With the British Transport Police having opened its first regional counter terrorism hub in Birmingham in may this year, the force provide an update on its work across the UK’s transport network
British Transport Police (BTP) polices Britain’s railways, working with rail operators to ensure the safety of the 8.6 million passengers who use the network every day. The force also polices networks such as the London Underground, Midland Metro tram system and Glasgow subway.
BTP officers were the first emergency responders to arrive following the Manchester Arena attacks in May 2017, providing life-saving care to the injured and making the area safe for other emergency services. The following month a BTP officer, PC Wayne Marques, was seriously injured as he attempted to protect members of the public during the London Bridge attack, while the force’s armed officers formed part of the specialist response to that incident, working alongside members of the Metropolitan Police and City of London Police.
In more recent months BTP officers have been deployed to protect the public at some of the country’s most significant events, such as the UEFA Champions League Final in Cardiff and the World Athletics Championships in London. The force will also be involved in the policing of Christmas markets and festive events in Birmingham, Manchester and Scotland during the festive season. Such operations involve a range of specialist anti-terrorism policing, such as armed officers, search dogs and behavioural detection teams (BDOs), all of which form part of the force’s Specialist Operations unit.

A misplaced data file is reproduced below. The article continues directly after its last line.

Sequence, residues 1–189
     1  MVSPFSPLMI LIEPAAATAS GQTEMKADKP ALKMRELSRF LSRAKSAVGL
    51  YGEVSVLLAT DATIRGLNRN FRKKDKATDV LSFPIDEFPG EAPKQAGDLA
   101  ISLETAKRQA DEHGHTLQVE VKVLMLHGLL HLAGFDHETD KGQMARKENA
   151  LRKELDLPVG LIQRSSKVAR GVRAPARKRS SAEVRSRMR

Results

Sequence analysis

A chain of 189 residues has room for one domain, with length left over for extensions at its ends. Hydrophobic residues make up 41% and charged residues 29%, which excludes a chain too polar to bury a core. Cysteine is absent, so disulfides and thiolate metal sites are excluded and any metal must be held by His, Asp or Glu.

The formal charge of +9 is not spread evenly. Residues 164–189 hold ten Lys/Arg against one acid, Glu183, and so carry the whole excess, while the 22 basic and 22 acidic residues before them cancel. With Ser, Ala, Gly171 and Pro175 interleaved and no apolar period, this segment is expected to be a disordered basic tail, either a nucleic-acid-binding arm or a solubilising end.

Since 2017, specialist BTP officers have also been deployed on trains outside London as well as within the capital, and, in May 2018, the force opened its first regional counter terrorism hub in Birmingham.
Speaking at the launch of that establishment, superintendent Chris Horton, BTP Specialist Operations, explained: “This provides us with a regional base for our specialist operations teams which means we can better respond to incidents should they occur, as well as patrol the network more effectively, reaching most of the country in a relatively short space of time.
“Our specialist officers are there to reassure, protect and respond to any incident should the need arise. They will be highly visible on the network and particularly around Birmingham New Street station, engaging with the public every day so people will get used to seeing them. In the current climate, we know how important it is to make sure we have specialist officers in the right place at the right time to keep people safe.”
BTP’s counter terrorism activities also include providing awareness training for staff members from the rail industry and associated businesses. Under the ACT-Action Counters Terrorism banner, the programme is delivered at locations across the country, and aims to equip individuals to detect, deter and report terrorist activity. The sessions cover topics such as possible methods of attack and how to recognise terrorist reconnaissance, while also aiming to build effective working relationships between rail staff and BTP officers, empowering people to report suspicious activity. In particular, rail staff members are told to be aware of people who may be showing interest in restricted areas or appear to be checking security arrangements, for example filming CCTV cameras at a station, or avoiding rail staff and police officers.